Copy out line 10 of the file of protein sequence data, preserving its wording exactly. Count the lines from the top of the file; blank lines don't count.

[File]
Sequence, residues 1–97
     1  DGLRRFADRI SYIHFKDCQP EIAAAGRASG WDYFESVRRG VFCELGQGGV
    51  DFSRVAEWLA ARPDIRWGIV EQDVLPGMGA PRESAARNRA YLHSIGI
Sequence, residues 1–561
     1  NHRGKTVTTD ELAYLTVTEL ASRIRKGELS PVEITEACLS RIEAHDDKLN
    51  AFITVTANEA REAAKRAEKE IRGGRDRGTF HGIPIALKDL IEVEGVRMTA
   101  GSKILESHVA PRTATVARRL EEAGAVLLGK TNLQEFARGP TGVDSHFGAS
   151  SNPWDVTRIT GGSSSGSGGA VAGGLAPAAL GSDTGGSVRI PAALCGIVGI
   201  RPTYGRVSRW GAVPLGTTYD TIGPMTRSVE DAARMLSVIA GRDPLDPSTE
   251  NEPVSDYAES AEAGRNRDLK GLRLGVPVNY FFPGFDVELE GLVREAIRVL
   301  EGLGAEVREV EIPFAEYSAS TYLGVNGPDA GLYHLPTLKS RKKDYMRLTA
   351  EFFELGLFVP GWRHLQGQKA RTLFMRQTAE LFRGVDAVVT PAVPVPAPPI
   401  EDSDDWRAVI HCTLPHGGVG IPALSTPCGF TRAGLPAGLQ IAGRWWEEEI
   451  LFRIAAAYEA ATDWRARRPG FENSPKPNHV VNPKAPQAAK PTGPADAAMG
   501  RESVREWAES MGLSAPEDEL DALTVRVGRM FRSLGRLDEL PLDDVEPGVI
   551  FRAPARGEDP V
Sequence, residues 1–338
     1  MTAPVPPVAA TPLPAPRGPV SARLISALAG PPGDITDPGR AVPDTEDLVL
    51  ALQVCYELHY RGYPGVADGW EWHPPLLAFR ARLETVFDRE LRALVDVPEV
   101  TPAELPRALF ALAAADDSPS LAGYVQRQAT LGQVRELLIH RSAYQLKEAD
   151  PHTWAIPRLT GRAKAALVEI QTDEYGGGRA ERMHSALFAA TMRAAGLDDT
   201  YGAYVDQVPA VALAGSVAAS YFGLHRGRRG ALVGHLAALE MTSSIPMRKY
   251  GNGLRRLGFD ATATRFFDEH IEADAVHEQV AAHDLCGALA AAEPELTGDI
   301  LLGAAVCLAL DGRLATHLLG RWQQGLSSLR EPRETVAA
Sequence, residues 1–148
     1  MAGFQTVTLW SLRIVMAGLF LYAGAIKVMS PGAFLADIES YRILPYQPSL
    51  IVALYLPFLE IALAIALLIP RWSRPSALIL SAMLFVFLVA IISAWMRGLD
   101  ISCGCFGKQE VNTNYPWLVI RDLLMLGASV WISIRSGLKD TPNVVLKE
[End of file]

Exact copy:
   251  NEPVSDYAES AEAGRNRDLK GLRLGVPVNY FFPGFDVELE GLVREAIRVL